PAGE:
The Time Brian Sims Confronted the Man He Accused of Talking to Plants

And other scenes from the most acrimonious, tense and generally awkward political event of the season.

Photo | Jon Geeting

Babette Josephs (standing) chastising Brian Sims, seated in a bumper car. Photo | Jon Geeting

The words “Harrisburg” and “intrigue” are pretty much antithetical these days. Philadelphia’s relationship to the yawning capital consists mostly of being outraged at the governor, while taking occasional breaks to cackle mirthfully when he makes a gaffe. He is an evil buffoon, we are Rachel Maddow, and the show is on perpetual repeat.

Enter the Chimera of state politics, the three-headed monster that threatens to devour itself in its quest for Philadelphia delegation supremacy. The cast of characters: superstar 35-year-old Center City representative Brian Sims; his former boss, felled opponent, and now, primary challenger Babette Josephs; his colleague and recent antagonist, Northeast Philadelphia stalwart Mark Cohen.

The plot: Sims turns against several fellow House Democrats, including Cohen, endorsing their primary opponents. Shortly thereafter, Babette Josephs, the sweet 73-year-old lady you see walking her doggie in Fitler Square who lost a bitter political cage match to Sims two years ago, announces she’s coming out of retirement to challenge him in the primary. Amidst all this, Sims goes on an epic, unfiltered Facebook rant against Cohen in which he accuses the 64-year-old of having performance-crippling dementia.

So that’s where this profoundly weird Democratic slugfest was at last night, when for the first time since it erupted two weeks ago, all three of them appeared together in public, invited by the political group Philly for Change to deliver primary-season stump speeches at Tattooed Mom’s on South Street. The venue itself, with its graffiti’d out, obscenity-laden walls, suggests hostile territory for a crew of assorted hacks ’n’ flacks more accustomed to Joseph A. Bank sterility. And hostile it would be.

Josephs arrives first, where I find her sitting at the bar, sipping a Coke, and fiddling around with a collection of plastic frogs. She’s talking to somebody about the temperature of her apartment. “House talk,” she says, turning to me. “Not the House of Representatives.” Sims arrives next, flanked by a couple of aides, appearing completely bewildered by Tattoed Mom’s and searching for a bathroom. Josephs marches up to him and sticks out her hand. The proverbial camera bulbs are popping now as the entire room (or possibly just the two reporters and one blogger present) holds its breath and stares at the exchange.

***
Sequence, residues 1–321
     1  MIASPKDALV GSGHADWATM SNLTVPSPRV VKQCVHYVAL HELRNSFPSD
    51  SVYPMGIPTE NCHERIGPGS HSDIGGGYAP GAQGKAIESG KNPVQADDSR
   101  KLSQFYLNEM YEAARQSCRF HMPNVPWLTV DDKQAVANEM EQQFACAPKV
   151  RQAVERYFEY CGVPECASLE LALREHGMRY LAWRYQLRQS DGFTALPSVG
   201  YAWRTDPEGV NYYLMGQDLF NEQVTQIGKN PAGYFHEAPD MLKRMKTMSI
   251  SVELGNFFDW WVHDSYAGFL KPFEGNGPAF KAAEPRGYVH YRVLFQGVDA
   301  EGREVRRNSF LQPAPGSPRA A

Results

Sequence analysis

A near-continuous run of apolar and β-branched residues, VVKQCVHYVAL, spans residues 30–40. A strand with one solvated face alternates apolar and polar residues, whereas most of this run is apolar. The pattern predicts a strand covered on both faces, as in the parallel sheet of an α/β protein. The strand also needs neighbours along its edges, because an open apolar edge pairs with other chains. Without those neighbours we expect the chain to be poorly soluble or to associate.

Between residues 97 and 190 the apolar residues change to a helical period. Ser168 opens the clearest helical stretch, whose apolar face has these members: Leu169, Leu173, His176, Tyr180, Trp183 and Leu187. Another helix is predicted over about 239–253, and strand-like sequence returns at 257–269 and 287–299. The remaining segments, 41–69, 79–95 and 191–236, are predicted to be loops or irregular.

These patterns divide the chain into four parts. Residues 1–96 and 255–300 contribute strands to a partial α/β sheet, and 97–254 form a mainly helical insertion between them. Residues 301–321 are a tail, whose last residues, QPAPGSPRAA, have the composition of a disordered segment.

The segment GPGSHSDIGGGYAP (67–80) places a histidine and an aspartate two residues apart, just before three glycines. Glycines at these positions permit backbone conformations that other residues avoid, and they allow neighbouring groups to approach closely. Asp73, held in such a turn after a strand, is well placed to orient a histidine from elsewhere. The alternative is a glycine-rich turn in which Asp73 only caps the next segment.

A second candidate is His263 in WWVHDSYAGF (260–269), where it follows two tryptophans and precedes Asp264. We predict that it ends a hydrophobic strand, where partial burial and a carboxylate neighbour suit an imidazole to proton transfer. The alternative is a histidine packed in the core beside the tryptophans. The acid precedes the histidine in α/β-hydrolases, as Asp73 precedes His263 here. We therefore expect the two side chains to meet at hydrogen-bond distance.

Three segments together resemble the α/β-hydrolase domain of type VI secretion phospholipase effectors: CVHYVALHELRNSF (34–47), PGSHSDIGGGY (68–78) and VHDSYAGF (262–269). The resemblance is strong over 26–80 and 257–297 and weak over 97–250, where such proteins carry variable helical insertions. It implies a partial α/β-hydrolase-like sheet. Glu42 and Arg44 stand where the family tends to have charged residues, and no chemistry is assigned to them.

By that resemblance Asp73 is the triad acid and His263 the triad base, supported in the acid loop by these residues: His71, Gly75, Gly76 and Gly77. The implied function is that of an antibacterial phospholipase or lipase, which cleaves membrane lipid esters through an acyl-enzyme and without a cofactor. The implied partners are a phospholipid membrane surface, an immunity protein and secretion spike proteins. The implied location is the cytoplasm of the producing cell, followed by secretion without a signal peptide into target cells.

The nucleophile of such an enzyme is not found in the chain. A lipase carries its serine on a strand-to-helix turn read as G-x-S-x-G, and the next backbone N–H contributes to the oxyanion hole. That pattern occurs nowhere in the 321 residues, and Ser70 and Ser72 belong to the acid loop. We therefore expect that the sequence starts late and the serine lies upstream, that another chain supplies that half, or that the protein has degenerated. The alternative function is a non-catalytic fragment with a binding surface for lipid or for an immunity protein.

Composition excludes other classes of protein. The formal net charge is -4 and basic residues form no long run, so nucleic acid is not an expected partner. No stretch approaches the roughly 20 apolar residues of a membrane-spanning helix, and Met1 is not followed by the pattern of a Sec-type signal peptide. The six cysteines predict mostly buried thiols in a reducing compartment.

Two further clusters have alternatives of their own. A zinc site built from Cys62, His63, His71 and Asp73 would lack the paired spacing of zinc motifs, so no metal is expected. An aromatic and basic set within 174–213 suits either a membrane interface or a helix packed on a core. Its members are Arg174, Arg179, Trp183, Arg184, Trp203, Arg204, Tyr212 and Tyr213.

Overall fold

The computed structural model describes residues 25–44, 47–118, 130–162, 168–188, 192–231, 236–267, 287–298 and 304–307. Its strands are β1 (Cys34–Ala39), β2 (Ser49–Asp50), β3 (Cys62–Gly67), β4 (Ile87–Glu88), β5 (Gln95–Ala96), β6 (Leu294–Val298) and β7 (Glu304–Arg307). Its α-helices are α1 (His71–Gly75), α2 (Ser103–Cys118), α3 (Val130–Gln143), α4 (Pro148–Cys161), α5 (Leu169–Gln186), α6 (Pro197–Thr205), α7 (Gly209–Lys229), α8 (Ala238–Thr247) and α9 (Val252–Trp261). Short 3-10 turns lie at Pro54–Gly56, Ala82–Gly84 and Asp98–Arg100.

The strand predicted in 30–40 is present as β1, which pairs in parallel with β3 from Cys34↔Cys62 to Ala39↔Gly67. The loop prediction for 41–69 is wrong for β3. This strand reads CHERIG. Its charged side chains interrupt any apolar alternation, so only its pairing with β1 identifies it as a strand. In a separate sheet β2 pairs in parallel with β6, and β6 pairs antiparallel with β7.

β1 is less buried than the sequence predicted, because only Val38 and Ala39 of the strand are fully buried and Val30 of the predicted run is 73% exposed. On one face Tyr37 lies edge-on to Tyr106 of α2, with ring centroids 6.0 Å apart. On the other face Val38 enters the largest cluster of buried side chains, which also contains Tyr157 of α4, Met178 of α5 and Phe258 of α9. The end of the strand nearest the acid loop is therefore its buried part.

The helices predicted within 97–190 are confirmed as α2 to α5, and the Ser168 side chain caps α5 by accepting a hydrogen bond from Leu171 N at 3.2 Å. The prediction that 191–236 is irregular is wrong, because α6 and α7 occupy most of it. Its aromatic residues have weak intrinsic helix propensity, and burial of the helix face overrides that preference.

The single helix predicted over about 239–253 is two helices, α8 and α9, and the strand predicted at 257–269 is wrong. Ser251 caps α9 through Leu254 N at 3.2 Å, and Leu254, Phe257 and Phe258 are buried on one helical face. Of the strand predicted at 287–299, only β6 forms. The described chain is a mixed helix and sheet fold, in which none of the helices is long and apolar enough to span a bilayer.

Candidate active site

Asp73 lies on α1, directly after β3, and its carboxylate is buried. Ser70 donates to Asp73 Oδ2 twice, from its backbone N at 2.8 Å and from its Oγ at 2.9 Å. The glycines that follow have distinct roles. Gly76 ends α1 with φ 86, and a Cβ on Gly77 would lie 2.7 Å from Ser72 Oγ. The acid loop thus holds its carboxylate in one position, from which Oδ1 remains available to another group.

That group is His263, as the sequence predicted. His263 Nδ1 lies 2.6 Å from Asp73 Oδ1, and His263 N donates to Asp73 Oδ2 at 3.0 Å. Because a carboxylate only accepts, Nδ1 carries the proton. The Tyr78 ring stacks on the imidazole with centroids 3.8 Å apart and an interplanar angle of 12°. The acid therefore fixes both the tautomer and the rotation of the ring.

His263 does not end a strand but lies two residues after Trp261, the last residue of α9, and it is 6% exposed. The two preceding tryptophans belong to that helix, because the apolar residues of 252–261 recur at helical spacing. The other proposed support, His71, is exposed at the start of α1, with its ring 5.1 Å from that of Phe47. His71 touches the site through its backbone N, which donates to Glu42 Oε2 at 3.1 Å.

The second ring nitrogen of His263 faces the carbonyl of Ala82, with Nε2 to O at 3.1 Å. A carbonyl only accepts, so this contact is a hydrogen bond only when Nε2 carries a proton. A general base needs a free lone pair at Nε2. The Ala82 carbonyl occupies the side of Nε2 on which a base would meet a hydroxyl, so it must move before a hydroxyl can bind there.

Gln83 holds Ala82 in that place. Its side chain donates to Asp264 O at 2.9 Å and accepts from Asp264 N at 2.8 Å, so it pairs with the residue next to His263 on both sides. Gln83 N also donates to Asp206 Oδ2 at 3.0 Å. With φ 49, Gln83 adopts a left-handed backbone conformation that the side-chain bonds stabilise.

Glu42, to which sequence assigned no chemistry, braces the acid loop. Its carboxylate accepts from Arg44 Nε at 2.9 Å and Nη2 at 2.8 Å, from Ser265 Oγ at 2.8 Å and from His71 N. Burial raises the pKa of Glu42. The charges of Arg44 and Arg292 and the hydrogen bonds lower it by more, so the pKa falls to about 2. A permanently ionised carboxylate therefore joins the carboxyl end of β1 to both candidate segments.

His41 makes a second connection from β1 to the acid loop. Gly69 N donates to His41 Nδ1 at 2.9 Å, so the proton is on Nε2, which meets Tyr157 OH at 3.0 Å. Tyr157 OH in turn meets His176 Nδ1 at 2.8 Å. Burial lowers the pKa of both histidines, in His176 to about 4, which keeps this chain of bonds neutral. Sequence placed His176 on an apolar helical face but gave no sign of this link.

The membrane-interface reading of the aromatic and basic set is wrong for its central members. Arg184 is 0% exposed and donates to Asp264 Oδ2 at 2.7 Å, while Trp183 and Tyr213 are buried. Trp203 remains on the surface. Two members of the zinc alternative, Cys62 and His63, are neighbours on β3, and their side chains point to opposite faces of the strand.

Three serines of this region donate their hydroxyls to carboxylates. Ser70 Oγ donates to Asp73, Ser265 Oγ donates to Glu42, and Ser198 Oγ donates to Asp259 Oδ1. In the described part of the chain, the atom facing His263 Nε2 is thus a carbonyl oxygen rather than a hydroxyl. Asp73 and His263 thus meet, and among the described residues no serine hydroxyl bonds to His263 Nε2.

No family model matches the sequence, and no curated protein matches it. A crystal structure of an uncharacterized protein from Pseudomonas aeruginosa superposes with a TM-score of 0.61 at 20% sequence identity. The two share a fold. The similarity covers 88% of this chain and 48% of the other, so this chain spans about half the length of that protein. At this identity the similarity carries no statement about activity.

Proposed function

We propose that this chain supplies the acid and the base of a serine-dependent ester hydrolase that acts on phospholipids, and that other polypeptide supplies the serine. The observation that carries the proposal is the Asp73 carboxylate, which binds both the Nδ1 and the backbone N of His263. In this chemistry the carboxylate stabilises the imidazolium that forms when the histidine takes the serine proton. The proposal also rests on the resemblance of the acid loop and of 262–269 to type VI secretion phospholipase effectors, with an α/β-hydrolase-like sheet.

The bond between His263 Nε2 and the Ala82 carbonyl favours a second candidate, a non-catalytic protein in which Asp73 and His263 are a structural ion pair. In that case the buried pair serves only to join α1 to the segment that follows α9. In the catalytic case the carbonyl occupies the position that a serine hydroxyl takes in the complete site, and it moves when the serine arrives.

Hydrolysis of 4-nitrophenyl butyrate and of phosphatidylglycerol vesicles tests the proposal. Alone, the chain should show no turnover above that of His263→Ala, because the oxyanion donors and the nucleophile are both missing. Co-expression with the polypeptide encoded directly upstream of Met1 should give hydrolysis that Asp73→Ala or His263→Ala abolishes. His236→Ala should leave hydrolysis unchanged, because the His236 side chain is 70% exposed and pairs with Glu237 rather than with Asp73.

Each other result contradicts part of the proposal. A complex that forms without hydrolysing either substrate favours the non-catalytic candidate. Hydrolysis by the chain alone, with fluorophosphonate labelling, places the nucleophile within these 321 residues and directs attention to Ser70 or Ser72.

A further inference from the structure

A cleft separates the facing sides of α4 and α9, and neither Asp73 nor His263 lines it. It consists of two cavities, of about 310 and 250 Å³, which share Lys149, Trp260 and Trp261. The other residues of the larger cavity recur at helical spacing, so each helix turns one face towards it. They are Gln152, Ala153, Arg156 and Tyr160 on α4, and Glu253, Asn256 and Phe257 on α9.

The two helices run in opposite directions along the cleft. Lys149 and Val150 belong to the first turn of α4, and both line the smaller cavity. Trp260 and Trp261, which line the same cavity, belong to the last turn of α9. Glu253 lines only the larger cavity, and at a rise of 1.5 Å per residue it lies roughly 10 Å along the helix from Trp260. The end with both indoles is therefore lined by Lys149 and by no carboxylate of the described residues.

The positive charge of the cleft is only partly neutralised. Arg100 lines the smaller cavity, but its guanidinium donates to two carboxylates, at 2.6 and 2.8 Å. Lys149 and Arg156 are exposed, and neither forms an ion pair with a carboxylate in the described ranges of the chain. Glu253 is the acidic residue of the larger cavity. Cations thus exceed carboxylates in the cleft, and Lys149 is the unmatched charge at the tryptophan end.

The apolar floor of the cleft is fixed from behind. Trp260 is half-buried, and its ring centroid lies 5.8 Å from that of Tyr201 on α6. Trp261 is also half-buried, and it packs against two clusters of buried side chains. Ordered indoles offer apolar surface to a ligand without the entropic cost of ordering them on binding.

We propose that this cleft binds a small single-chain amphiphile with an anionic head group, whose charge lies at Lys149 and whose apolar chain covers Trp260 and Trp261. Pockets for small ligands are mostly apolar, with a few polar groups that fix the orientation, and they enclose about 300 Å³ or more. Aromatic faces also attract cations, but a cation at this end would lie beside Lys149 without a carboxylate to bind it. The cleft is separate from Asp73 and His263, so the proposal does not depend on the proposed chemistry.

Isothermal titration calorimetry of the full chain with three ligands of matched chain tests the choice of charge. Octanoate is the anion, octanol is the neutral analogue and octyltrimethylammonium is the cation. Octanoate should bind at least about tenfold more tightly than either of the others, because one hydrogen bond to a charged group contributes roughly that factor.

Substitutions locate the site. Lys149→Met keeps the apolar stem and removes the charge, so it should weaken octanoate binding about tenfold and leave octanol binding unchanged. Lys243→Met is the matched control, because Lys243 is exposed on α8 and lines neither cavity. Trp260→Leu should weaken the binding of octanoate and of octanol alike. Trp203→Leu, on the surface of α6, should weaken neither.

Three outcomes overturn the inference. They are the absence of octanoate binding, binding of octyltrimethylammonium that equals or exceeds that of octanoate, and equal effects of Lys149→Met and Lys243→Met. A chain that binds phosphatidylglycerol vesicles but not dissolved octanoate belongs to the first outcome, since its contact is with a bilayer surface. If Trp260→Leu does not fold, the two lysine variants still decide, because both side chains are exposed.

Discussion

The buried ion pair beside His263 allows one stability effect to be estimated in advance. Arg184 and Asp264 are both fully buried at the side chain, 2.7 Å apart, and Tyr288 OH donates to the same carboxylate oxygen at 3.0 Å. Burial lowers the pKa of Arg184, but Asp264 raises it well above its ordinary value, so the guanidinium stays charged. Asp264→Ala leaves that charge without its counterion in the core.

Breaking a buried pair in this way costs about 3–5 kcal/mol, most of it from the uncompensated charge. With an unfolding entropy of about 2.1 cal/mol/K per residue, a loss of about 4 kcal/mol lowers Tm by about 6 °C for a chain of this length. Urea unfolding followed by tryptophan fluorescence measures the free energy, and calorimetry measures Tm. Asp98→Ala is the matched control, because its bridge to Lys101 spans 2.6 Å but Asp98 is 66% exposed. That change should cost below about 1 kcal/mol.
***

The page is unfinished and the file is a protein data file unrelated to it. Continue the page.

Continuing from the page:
“Brian, how are you,” Josephs asks, cordially. “Representative,” he greets the woman he unseated, reflexively acknowledging her veteran status. Then they stand there awkwardly for a few seconds before Josephs turns around, shrugs and makes a little “Ok, so that happened” face.

Twenty-five minutes later Cohen arrives (true to form, per Sims’s screed), just in time to hear Sims discuss exactly what everybody has come to hear him discuss. Sims walks to the front of the room, defends his new habit of bucking party incumbents, and answers a question from a Philly for Change regular named Jordan Davis. It was Davis’s Facebook query, “Why do you hate Mark Cohen so much?” that prompted what a state house source called the “Facebook post heard ’round the world.” Davis asks him to defend his “age-ist” and “able-ist” post, adding that she has it preserved on her phone. Sims ups the ante and asks if he can read it aloud. Gasp.

A brief note, before we go on: The political theater at this point has already reached a rarified level. Sims, looking schoolboy innocent in a brass-buttoned blue blazer, calling Josephs out for inventing things about his record; Josephs, sitting directly opposite him on the other side of the room, nonchalantly playing a word-search game on her iPhone; Cohen standing directly behind Josephs, stooped and staring directly at Sims. But that Sims would voluntarily rehash the first truly embarrassing episode of his promising political career qualifies as the inaugural Holy Shit moment of the night. Just linger for a minute over this excerpt from the offending post, which is eyebrow-raising enough when not narrated aloud at a packed bar.